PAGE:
Safe, Smart Fun in the Sun

June 25, 2017

One of the benefits of the sun's rays is your skin produces vitamin D naturally when you are in the sun. Natural vitamin D production depends on many things, including age, skin tone, and how strong the sunlight is where you are.  If you have a light skin tone, it’s better for you to get vitamin D from your diet or vitamin supplements rather than from sun exposure because dietary sources and vitamin supplements do not increase skin cancer risk, and are typically more reliable ways to get the amount you need. If your skin is not prone to sunburn, you can enjoy the health benefits of the sun's direct rays anywhere from 5 to 15 minutes on your arms, hands, and face two to three times a week to received the vitamin D-boosting benefits of sun. (Note that the sun actually has to penetrate the skin but exposure should be a maximum of 15 minutes before applying sunscreen to prevent damage to your skin.)

 

Another benefit of basking in the sunshine is studies have shown sunlight increases the brain’s release of a hormone called serotonin. This is associated with boosting mood and helping a person feel calm and focused. Without enough sunlight exposure, a person’s serotonin levels can dip low. Low levels of serotonin are associated with a higher risk of depression.  But, to receive the brain boosting benefits of sunlight, you don't have to be directly exposed to the rays - you only need to be outdoors when the sun is shining.

 

While there are lots of great reasons to get out into the sun, remember the ultraviolet rays of sunshine can damage your skin even in cool temperatures.  When summertime arrives we all find ourselves exposed to the sun more frequently.   Summer is a time for outdoor activity with family and friends, swimming, sunbathing and generally enjoying the uplifting weather. But, remember the sun's ultraviolet rays can damage your skin after 15 minutes of direct exposure.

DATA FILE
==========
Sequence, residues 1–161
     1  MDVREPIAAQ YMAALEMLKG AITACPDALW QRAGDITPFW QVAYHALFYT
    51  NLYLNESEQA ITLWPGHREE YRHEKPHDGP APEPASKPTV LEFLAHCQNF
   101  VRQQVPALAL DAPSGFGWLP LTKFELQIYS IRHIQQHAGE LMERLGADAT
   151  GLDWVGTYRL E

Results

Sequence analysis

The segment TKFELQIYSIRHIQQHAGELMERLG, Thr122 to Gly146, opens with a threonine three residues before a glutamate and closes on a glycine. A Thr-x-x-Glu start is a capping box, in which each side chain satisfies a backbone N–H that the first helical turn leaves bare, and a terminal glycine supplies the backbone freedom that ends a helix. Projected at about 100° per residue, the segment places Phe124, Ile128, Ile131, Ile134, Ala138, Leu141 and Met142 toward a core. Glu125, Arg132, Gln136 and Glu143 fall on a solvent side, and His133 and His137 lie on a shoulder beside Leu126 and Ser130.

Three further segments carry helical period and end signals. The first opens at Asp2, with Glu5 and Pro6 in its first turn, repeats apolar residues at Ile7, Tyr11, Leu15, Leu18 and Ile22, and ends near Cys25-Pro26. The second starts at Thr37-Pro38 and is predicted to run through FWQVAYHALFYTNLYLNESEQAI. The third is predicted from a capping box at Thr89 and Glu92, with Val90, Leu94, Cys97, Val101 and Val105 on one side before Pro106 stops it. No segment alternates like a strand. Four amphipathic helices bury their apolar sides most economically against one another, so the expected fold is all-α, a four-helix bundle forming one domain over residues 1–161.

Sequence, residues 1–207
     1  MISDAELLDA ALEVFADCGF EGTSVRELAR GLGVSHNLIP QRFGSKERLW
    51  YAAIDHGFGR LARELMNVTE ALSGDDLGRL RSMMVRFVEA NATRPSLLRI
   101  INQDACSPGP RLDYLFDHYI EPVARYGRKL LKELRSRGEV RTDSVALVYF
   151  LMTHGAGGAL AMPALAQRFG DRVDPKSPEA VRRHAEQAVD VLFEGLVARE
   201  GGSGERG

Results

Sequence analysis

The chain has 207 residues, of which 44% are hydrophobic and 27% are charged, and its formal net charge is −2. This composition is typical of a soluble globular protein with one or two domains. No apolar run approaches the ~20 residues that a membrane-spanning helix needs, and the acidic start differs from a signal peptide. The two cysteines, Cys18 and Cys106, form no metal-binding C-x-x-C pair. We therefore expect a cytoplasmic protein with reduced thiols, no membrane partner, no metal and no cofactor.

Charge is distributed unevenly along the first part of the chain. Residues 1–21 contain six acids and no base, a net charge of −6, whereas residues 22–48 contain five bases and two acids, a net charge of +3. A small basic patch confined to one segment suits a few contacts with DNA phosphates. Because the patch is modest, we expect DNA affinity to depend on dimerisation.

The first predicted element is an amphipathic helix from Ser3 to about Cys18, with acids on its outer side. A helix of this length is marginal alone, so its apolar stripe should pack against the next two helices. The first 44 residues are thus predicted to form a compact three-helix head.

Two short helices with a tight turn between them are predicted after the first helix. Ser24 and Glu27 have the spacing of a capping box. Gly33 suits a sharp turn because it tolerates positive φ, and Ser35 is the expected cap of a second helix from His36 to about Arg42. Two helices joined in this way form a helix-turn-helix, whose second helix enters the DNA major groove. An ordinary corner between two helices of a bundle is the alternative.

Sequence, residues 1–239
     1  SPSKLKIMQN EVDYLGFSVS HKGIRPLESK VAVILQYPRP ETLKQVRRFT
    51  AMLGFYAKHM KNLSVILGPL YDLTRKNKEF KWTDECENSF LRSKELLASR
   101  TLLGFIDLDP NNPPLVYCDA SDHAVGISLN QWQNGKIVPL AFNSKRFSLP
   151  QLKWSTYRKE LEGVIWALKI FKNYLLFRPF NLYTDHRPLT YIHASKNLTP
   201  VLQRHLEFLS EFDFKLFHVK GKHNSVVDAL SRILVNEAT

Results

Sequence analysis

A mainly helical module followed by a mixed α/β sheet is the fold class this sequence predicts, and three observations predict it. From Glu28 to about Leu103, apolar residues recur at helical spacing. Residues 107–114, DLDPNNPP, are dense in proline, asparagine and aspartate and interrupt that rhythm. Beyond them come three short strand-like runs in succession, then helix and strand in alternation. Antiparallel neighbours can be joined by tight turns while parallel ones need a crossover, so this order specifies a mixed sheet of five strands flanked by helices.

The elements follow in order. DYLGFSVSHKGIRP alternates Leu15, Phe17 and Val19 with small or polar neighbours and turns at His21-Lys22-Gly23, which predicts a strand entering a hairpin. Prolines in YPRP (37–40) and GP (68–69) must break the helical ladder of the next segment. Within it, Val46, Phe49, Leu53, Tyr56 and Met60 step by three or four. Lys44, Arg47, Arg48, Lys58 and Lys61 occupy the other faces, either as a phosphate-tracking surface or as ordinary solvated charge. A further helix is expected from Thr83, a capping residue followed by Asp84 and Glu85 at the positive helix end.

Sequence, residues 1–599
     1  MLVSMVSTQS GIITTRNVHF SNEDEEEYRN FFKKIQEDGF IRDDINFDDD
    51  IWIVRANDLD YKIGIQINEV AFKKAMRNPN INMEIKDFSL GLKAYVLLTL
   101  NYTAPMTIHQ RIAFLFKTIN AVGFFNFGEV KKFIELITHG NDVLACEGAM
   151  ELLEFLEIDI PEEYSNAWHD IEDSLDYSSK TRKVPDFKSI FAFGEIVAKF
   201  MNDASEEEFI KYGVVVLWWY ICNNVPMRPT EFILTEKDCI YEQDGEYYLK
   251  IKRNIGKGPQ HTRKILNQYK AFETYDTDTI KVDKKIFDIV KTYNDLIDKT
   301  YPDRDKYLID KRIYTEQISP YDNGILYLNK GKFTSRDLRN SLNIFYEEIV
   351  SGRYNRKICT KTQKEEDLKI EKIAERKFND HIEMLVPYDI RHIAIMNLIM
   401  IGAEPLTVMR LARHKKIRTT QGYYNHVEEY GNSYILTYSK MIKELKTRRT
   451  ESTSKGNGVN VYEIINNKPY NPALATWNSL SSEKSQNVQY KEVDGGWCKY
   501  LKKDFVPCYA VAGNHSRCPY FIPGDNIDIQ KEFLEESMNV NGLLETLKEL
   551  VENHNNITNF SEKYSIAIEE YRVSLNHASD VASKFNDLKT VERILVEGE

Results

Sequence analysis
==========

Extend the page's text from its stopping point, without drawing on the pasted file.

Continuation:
Here are some key things to remember to protect your skin from the damage of ultraviolet rays:

  1. Seek Shade! Reduce your risk of skin damage and skin cancer by enjoying the outdoors under an umbrella, tree, or other shelter before you need relief from the sun.

  2. Dress Wisely.  In warm weather, we don't want to be fully clothed because it will look and feel uncomfortable.  But, there are fashions made specifically to have a summertime style while still offering full protection. Companies like UV Skinz, Coolibar and others offer stylish fashion alternatives that can be worn comfortably in hot weather conditions.  For help picking the best UV Protective wear for you and your loved ones, visit this website to learn more.

  3. Wear a large brimmed hat. For the best protection, choose a hat with a brim all the way around that shades your face, ears, and the back of your neck. A tightly woven fabric, such as canvas, works best to protect your skin from UV rays. Avoid straw hats with holes that let sunlight through. A darker hat may offer more UV protection. And, if you wear a baseball cap, you should also protect your ears and the back of your neck by wearing clothing that covers those areas, using a broad spectrum sunscreen with at least SPF 15.